Friday, February 21, 2014

*The meaning (?) of a Yale education

On Wed, Feb 19, 2014 at 11:45 PM, Emma Goldberg wrote:

Dear Mr. Keane,

I hope this finds you well. My name is Emma and I am the Opinion Editor of the Yale Daily News along with Geng Ngarmboonanant, cc'ed here.

Recently we at the YDN have been discussing the meaning of a Yale education; what ideally should we gain as students, and how can we maximize our experience on this campus? As someone who has remained so in touch with Yale's culture and offered your viewpoint on the YDN site many times, we were wondering whether you would be interested in writing an op-ed for the YDN at some point soon.

Thanks so much!

Best wishes,

I think as a Divinity grad –even a  renegade one ---
I really am unqualified to comment on the "meaning of a Yale education" as most people commonly think of it, i.e. the undergraduate experience.

My primary interest is the mixed strand of human behavior reflected in the history of the institution, what divines might call cultural and institutional ethics.  On that I will speak, not only as an M. Div. but as a townie.

Yale itself ---the very existence and history of it ---is an education for me.

Yale is a vortex of intellectual, artistic, dramatic, journalistic, architectural, musical, religious, legal, scientific and athletic ideas (and traditions) which draws in the world’s most distinguished individuals in its endless swirls of influence.

(Whew!  Sounds like term-paper pomposity.)

What a place.  Four years isn’t long enough to absorb it adequately and when you leave Yale, Yale’s swirling currents still exert their pull no matter how distant you become.

Now here’s a funny thing. People think a Yale degree is a ticket to success, usually spelled  $ucce$$.  For me it’s been just the opposite.  I live in Vermont which is totally indifferent to status of any kind.   I served as a public school English teacher,  beginning at an annual salary of $18,000 in 1988 and ending at $63,000 in 2012, 25-years in a state without tenure.   Up here in the Green Mountains, “Yale” is not a university, it is a lock company, and a good one.

My  success wasn’t written in dollars; it was written in smiles---3000 of them over a quarter century.

Such anti-materialism seems anathema to the Yale which churns out Wall Street apprentices by the hundreds. But of course the Divinity School studies non-material reality, not dollars.

Along that line, I have heard it said that “Yale has no soul.”

I completely disagree:
Yale definitely has a soul, it’s just that that soul wears the robes of academic freedom and is often mistaken for scholarship.

It is that Yale soul which doesn’t tremble when the Alumni Magazine
runs a cover story on Yale as the "Gay Ivy" or publishes an article
on Prescott Bush (progenitor of two U.S. presidents)  as one of the undergraduate Skull and Bones’ thieves and desecrators who stole Geronimo's skull.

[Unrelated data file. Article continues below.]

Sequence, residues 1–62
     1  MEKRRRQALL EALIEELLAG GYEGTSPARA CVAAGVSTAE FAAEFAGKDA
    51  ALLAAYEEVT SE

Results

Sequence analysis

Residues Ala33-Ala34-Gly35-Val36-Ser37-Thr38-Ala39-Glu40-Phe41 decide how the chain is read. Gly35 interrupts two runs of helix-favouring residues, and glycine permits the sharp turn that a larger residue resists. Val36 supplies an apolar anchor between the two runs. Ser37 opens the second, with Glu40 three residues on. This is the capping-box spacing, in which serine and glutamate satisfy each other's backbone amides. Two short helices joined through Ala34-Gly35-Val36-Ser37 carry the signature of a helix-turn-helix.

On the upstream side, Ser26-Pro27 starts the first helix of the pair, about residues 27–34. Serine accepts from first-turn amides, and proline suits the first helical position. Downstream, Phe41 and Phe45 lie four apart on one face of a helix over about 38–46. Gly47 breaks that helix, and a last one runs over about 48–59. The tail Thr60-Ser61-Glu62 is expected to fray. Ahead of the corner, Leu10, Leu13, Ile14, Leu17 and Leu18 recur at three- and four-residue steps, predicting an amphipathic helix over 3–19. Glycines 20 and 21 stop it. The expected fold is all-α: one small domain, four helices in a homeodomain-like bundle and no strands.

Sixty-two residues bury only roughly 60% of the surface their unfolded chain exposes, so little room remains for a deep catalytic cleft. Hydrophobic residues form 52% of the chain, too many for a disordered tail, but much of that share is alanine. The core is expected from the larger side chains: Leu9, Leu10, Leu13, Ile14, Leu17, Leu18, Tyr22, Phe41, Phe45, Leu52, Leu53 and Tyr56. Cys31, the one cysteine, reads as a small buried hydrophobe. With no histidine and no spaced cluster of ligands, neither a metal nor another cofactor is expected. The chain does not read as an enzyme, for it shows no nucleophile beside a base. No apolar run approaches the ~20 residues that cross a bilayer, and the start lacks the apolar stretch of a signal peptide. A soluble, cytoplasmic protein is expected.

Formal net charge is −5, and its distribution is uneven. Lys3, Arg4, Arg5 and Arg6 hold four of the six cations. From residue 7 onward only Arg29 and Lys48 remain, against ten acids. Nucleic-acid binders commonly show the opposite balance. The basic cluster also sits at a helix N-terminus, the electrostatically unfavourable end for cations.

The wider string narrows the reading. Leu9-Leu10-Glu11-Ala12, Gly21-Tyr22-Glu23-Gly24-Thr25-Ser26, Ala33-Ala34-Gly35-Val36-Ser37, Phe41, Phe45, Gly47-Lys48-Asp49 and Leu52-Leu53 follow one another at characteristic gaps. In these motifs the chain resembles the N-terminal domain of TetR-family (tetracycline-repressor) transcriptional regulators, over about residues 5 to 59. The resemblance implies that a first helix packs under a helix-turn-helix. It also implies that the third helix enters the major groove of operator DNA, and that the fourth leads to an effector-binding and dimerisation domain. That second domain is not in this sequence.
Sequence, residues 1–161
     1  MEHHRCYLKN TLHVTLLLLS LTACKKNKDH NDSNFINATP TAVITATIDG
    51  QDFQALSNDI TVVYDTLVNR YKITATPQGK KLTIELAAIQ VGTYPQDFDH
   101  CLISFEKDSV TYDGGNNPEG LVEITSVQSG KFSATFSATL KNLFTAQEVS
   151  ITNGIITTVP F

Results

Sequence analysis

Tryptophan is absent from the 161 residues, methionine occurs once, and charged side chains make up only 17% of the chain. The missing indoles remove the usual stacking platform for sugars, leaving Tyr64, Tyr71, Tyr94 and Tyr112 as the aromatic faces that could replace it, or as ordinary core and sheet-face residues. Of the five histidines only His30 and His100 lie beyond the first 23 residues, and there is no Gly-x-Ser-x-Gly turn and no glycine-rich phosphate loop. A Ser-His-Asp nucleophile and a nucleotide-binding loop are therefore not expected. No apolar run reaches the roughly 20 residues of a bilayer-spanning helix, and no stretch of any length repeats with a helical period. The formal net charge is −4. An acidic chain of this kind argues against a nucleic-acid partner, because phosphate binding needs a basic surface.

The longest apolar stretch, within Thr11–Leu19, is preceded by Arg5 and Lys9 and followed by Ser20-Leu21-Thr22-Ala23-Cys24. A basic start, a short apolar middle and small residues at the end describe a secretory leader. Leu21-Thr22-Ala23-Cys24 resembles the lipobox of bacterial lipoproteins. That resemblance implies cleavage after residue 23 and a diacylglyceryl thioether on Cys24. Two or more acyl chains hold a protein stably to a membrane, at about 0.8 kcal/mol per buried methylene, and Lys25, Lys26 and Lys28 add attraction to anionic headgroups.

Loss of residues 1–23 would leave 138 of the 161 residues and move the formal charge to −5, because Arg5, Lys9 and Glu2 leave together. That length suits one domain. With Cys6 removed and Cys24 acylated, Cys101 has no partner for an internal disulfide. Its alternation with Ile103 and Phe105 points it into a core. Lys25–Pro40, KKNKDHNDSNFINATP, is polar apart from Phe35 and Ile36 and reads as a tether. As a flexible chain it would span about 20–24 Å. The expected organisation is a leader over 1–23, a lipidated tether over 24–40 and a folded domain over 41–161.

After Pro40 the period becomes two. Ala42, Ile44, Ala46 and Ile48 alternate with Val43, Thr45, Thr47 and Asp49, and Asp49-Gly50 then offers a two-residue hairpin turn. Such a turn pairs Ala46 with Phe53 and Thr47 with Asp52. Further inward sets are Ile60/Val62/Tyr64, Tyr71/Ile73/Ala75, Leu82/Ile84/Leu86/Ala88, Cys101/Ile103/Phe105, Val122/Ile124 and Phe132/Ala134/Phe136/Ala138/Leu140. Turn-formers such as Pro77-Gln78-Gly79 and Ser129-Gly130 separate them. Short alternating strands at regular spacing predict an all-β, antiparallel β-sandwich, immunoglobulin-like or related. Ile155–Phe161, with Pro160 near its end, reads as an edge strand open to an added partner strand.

It is the same unflappable Yale soul which didn't blink an eyelash when theology professor Douglas Macintosh defended his right to selective conscientious objection to the assembled Supreme Court (U.S. v. Macintosh,1938), or when Chaplain William Sloane Coffin led civil rights and anti-war protest marches in the 1960’s and 70’s or, most recently, when the Dean emeritus of the Divinity School performed the marriage ceremony for his gay son and now risks being defrocked by his denomination. 

It was such a Yale soul which awarded the first PhD to an African American in 1876 and now houses an Institute for Slavery; and paradoxically it was that same soul which denied admission to women and placed an admissions’ quota on Jews.
Yes. Yale has a soul, one that is cloaked in academic freedom: a sometimes noble soul, a sometimes flawed one.

And that is the meaning of a Yale education for this Divinity grad: Coming to know and admire Yale’s soul, which in  pursuing truth embraces repentance and evolves with the centuries.

Paul D. Keane
M. Div. ‘80

M.A., M.,Ed.

Saturday, February 8, 2014

* An Epidemic of Holes

Thursday, February 6, 2014

* PK Lookalikes (15)

Ed Sullivan

Richard Nixon

Wednesday, February 5, 2014

* PK Lookalikes (14)

Randolph Mantooth,  TV Actor,

George Harrison, the Beatle

Sunday, February 2, 2014

* The "Secure" Narcissist

Yesterday's obituary for the Theodore Millon, 
father of the diagnostic manual for personality disorders , reports that called himself a "secure narcissist."

That would make him a swimmer, I guess.

Which reminds me of an amazing Yale story.  The mother of Yale's flamboyant Chaplain William Sloane Coffin, told me once that she had completed all her credits for a degree as Smith College, but one----which she refused to undertake at all, thereby denying herself the degree.

She told me this story in her late eighties, as if it was a brag, almost a mark of character.

What was the course? 


She was deathly afraid of water.

Unlike Narcissus.

* PK Lookalikes (13)

Luciano Pavarotti 
Security Blanket

Sophie Tucker 
Security Blanket